Thirdly, Paul says ‘My goal in ministry is with a view to the faith of God's people and the sanctifying knowledge of the truth in light of the hope of eternal life.’ You see this in verse 2. The motivation for Paul's labor, the motivation for their living of the Christian life, is this hope of eternal life. It is a hope that has been promised by God, who cannot lie. It is a hope that has been promised long ago that is now being manifest to the full in the proclamation of Paul and the apostles.

And I want you to notice how each of these three things which Paul says are at the heart of the ministry serve to cultivate the Christians in Crete living all of life to the glory of God, adorning the gospel of God our Savior in all things.

First of all, you can't adorn the gospel if you don't believe the gospel. If you haven't embraced Jesus Christ by faith, you cannot adorn the gospel of God, and so it is obvious that Paul's ministry has to be aimed at seeing faith expressed in the gospel.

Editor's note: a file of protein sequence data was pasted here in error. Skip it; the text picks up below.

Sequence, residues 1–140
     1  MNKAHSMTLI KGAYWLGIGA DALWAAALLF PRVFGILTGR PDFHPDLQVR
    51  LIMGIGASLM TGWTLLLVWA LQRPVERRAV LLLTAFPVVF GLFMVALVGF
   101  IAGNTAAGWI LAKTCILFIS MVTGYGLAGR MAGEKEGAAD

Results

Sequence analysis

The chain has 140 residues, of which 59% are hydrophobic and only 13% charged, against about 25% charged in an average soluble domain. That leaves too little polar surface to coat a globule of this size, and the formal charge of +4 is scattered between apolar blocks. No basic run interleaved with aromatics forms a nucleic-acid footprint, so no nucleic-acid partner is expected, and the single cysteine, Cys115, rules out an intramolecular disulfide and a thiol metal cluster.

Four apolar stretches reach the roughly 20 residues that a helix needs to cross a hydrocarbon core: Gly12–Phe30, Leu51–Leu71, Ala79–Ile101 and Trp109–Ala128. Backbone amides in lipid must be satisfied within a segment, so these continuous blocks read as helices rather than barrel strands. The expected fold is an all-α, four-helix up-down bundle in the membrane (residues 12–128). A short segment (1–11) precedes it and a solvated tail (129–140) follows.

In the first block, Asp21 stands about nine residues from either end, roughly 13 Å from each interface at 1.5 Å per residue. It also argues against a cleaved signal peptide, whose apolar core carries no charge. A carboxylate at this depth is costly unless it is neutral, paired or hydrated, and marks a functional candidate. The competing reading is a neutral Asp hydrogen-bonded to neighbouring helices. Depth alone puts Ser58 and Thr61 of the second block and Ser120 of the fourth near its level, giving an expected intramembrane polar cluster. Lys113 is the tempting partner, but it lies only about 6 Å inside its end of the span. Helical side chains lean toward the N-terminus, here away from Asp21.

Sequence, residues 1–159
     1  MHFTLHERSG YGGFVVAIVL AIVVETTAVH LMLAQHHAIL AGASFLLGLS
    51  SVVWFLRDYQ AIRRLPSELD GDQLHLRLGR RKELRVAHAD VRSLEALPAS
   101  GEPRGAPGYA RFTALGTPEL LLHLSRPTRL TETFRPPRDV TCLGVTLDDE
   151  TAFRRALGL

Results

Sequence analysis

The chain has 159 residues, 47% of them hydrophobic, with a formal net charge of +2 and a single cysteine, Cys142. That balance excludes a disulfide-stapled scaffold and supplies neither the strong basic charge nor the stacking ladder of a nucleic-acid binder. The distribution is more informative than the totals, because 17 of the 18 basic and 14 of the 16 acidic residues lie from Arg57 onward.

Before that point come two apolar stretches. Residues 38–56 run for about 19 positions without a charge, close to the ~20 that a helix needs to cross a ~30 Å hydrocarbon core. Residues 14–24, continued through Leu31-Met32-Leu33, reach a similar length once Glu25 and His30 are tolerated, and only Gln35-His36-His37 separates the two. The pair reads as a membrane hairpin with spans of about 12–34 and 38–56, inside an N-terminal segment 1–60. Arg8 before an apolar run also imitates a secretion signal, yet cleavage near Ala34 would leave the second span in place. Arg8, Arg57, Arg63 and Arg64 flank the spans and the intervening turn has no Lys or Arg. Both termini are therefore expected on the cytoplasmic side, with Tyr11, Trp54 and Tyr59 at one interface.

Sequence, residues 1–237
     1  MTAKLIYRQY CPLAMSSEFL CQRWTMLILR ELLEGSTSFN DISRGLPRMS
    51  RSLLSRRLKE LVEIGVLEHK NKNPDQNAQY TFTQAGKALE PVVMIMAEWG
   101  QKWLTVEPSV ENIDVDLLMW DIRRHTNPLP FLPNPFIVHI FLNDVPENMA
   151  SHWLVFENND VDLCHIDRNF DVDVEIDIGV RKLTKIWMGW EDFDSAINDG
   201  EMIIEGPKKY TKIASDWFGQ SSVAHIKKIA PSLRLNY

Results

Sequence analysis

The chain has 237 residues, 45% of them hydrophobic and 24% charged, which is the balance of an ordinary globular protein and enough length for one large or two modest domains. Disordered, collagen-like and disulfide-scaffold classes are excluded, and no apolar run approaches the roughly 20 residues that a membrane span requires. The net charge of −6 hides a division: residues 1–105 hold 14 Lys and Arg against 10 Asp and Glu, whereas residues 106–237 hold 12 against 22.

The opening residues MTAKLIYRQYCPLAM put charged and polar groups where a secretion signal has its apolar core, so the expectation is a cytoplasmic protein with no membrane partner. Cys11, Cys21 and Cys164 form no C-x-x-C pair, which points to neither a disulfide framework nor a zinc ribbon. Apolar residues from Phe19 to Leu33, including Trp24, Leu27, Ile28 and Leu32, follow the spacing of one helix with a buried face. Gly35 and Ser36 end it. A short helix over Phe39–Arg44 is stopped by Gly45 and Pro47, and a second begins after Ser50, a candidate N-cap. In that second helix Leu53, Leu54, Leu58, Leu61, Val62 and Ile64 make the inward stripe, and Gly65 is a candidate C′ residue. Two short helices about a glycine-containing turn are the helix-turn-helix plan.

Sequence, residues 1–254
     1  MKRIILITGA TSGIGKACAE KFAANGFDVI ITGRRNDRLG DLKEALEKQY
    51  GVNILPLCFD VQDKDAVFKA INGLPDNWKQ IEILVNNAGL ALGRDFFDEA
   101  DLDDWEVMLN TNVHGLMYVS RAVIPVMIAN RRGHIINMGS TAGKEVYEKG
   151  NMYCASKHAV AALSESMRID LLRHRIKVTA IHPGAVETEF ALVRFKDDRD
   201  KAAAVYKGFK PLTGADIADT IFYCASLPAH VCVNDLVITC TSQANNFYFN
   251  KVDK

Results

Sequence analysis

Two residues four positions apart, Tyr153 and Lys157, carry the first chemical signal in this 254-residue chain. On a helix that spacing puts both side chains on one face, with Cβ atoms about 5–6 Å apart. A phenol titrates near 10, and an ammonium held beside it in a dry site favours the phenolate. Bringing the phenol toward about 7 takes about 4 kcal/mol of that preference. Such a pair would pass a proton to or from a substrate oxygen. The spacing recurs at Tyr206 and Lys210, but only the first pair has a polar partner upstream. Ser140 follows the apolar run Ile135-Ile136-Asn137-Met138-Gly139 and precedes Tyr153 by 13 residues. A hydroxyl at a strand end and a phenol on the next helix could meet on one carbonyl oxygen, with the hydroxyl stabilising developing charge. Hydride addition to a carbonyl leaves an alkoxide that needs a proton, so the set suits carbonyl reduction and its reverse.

Secondly, notice that Paul, in cultivating a ministry that was designed to set forth the truth that is unto godliness, makes it clear that Christian truth is itself transformative. It changes our lives. It has a moral power. It not only changes us as individuals, but it changes us in relationships to one another: husbands to wives, and wives to husbands; parents to children, and children to parents; employers to employees, and employees to employers; neighbors to neighbors; citizens to fellow citizens. It has a transforming effect of us morally individually, but also in our social relationships, and Paul wants us to understand that if we do not embrace that sanctifying truth, that we cannot live the life of godliness intended by the Lord, and we will not live this life of godliness intended by the Lord, we will not adorn the gospel of God our Savior in all things unless there is in us the hope of eternal life.

And Paul knows that that hope both is, and is to come. There is already in the believer the seed of the experience of eternal life, but that everlasting fellowship has not come yet to its full fruition. That full fruition is yet to come, and unless the hope is strong for that fruition, we will not live a life of godliness; rather, we will set our hope on other things.